Google today announced the launch of Android 11, the latest version of its mobile operating system. After a slightly longer public preview, users who own a select number of Pixel devices (starting with the Pixel 2), OnePlus, Xiaomi, OPPO or realme phones will now see the update roll out to their phones in the coming days, with others launching their updates over the next few months.
Android 11 isn’t a radical departure from what you’ve come to expect in recent years, but there are a number of interesting new user-facing updates here that mostly center around messaging, privacy and giving you better control over all of your smart devices.
At the core of the improved messaging and communication features are improved notifications for conversations from your messaging apps. These now live in a dedicated space at the top of the notification shade and feature a more “people-forward design,” as the company describes


Original URL: http://feedproxy.google.com/~r/Techcrunch/~3/8hralQlAB2Q/

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Google’s New ‘Verified Calls’ Feature Will Tell You Why a Business is Calling You

Google today is introducing a new feature for Android phones that will help legitimate businesses reach their customers by phone by having their brand name and reason for calling properly identified. From a report: The feature, known as “Verified Calls,” will display the caller’s name, their logo, a reason why they’re calling, and a verification symbol that will indicate the call has been verified by Google. The feature arrives at a time when spam calls are on the rise. U.S. consumers received 61.4 billion spam calls in 2019, according to a recent report from RoboKiller, representing a 28% increase from the prior year. The U.S. Federal Communications Commission also says that unwanted calls, are its top consumer complaint. Google’s new system gives legitimate businesses a way to share their information with consumers along with their reason for calling on the incoming call screen. This, however, only works with those participating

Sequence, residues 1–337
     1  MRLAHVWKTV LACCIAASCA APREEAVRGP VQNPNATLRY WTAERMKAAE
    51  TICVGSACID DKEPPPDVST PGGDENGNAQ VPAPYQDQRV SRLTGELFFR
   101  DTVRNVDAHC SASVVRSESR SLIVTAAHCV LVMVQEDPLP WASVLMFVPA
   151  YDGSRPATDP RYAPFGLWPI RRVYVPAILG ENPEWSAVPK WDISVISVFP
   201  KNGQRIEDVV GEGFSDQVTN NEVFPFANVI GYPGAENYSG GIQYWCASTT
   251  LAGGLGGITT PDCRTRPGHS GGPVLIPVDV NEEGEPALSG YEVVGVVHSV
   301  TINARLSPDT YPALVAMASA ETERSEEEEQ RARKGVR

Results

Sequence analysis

Original URL: http://rss.slashdot.org/~r/Slashdot/slashdot/~3/nUGcjmMViKI/googles-new-verified-calls-feature-will-tell-you-why-a-business-is-calling-you

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Chromium’s DNS-Hijacking Tests Accused of Causing Half of All Root Queries

ZDNet reports: